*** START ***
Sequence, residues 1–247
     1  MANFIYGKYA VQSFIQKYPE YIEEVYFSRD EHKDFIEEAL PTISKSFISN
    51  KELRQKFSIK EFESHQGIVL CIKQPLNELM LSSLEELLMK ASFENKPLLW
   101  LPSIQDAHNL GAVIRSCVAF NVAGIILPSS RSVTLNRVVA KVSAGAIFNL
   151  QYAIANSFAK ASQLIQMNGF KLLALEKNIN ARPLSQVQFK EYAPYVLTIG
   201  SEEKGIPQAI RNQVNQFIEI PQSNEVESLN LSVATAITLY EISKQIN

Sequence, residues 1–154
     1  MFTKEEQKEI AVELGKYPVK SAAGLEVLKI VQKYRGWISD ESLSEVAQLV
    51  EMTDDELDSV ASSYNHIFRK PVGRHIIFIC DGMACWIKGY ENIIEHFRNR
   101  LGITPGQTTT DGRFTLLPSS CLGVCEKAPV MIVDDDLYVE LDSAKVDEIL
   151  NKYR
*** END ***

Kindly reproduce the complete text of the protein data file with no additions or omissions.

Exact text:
Sequence, residues 1–247
     1  MANFIYGKYA VQSFIQKYPE YIEEVYFSRD EHKDFIEEAL PTISKSFISN
    51  KELRQKFSIK EFESHQGIVL CIKQPLNELM LSSLEELLMK ASFENKPLLW
   101  LPSIQDAHNL GAVIRSCVAF NVAGIILPSS RSVTLNRVVA KVSAGAIFNL
   151  QYAIANSFAK ASQLIQMNGF KLLALEKNIN ARPLSQVQFK EYAPYVLTIG
   201  SEEKGIPQAI RNQVNQFIEI PQSNEVESLN LSVATAITLY EISKQIN

Sequence, residues 1–154
     1  MFTKEEQKEI AVELGKYPVK SAAGLEVLKI VQKYRGWISD ESLSEVAQLV
    51  EMTDDELDSV ASSYNHIFRK PVGRHIIFIC DGMACWIKGY ENIIEHFRNR
   101  LGITPGQTTT DGRFTLLPSS CLGVCEKAPV MIVDDDLYVE LDSAKVDEIL
   151  NKYR